Are Your 2014 Taxes Done Yet? Better Get On It!

by Todd Weaver on February 27, 2015

The (In)Famous FAFSA The (In)Famous FAFSA

If you don’t have a high school Senior, this message may not apply to you… but please stay tuned to our blog – we’re going to be sending some great material in the next few weeks!

For those of you with high school Seniors…

We’re getting down to the last month of waiting… Nearly every college will respond to a student by April 1, 2015 with their offer of admission, denial, waitlist, and a financial aid award.

Will the financial aid award letter be the “final offer?” Not necessarily.

Now that your financial aid forms have been submitted, or soon will be, the next step is for you to have your federal tax return ready as soon as possible.

Some colleges will require you to submit a signed copy of your return as early as March 1st.

This DOES NOT mean that you have filed your taxes prior to the tax deadline of April 15th — you just have signed copies ready to go.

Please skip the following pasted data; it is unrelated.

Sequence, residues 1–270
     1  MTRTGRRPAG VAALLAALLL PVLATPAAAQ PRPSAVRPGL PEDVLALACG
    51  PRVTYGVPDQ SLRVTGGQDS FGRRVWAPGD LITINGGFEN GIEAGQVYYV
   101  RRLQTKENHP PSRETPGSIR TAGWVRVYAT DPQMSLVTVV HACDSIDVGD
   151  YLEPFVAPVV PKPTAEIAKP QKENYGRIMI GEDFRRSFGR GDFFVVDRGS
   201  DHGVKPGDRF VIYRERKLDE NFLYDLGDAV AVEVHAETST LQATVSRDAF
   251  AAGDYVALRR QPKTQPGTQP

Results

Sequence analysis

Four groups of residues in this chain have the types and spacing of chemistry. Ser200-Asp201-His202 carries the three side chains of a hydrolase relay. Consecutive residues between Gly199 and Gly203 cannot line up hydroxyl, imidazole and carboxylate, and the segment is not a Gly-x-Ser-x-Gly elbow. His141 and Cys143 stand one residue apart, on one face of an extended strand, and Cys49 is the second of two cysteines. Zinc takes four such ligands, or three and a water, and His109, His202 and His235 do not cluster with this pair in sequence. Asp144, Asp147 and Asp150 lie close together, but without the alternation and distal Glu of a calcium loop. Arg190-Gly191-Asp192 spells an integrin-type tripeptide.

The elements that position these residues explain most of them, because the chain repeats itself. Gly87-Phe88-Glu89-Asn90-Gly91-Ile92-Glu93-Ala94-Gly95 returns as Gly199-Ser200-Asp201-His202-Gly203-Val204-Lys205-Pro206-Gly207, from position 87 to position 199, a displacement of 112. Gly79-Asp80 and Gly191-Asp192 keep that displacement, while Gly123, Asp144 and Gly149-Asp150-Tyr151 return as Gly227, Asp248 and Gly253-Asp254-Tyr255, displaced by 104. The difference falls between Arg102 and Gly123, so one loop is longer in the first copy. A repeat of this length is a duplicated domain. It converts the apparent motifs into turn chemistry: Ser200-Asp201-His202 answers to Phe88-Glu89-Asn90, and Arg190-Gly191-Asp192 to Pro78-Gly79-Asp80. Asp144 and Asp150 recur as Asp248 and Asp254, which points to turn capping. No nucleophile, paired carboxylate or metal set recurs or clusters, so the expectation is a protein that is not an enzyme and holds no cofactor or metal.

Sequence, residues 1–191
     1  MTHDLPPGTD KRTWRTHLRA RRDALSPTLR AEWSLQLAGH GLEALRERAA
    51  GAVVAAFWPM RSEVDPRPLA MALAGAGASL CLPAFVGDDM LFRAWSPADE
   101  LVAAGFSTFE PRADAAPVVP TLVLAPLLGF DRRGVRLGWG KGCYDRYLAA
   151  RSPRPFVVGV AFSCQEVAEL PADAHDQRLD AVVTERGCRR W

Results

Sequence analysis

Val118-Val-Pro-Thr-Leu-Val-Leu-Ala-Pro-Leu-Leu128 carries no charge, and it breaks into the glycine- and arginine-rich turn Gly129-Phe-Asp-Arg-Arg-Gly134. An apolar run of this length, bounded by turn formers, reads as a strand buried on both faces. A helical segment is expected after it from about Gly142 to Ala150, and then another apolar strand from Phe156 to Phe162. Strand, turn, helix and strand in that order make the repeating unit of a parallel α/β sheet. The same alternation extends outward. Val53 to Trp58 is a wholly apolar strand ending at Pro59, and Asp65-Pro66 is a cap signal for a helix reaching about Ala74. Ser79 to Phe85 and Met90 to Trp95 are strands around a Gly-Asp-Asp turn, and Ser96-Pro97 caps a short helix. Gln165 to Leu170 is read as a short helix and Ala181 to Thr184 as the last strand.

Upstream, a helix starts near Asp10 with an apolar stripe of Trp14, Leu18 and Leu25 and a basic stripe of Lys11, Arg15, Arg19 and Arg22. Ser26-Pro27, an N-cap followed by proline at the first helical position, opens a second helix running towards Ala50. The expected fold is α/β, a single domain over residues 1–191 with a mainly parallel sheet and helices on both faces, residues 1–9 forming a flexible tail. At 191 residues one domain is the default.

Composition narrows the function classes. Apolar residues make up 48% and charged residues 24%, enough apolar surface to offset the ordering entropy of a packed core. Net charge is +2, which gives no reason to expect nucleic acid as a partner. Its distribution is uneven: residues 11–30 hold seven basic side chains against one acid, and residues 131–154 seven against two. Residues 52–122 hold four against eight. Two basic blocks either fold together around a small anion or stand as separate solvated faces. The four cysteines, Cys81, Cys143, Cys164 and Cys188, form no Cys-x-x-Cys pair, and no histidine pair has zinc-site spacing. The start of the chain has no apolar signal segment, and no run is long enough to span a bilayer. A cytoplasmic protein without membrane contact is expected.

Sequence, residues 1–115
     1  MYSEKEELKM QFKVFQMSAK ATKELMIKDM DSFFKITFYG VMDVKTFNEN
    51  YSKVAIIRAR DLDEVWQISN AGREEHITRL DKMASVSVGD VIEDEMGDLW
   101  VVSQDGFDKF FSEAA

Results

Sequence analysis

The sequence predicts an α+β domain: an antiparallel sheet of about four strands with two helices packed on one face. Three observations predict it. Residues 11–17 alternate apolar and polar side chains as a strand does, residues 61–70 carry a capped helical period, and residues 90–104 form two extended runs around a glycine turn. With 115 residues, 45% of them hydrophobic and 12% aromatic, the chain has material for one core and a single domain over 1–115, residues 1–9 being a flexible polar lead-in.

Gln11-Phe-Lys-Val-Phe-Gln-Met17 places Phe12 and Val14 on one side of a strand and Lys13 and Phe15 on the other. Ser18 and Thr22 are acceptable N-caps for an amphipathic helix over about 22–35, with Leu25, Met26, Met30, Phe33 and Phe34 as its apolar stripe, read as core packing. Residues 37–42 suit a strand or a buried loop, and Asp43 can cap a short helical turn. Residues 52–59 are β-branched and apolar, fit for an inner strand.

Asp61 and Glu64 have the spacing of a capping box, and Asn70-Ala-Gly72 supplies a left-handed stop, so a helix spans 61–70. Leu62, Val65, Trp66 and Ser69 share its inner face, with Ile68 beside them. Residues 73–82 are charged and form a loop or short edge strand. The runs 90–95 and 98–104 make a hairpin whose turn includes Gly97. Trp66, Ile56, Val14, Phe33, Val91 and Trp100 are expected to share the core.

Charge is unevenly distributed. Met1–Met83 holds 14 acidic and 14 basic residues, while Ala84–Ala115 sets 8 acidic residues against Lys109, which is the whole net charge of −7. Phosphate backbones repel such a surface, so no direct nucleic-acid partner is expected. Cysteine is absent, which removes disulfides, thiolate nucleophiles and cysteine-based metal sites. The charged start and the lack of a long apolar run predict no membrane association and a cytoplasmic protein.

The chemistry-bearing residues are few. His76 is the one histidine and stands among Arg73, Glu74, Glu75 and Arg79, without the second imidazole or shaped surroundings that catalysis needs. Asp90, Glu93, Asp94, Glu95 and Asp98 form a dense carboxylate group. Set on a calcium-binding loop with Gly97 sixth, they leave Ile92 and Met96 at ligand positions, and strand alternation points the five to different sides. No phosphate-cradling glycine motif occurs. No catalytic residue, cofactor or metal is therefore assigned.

Schools will request your returns because your student’s name:

  • Was selected at random by the Federal Government for a process known as Verification
  • Applied to a college that requires you to mail or fax signed copies of your tax returns directly to the college
  • Applied to a college that uses the Institutional Documentation Service or IDOC to securely transmit them
  • Applied to a college that verifies tax information directly through the FAFSA IRS Data Retrieval Tool (DRT), or will ask for your Tax Transcript

Not meeting a college’s tax return requirements may not necessarily reduce or rescind a financial aid award. But most financial aid awards will continue to be “provisional” until your taxes have been received by the colleges. If you can’t or don’t meet the college’s tax return deadlines, please have them completed as soon as possible.

For example, MIT asks parents to submit a hard copy of their 2013 tax return now, if they won’t have their 2014 taxes done for IDOC by March 3, 2015.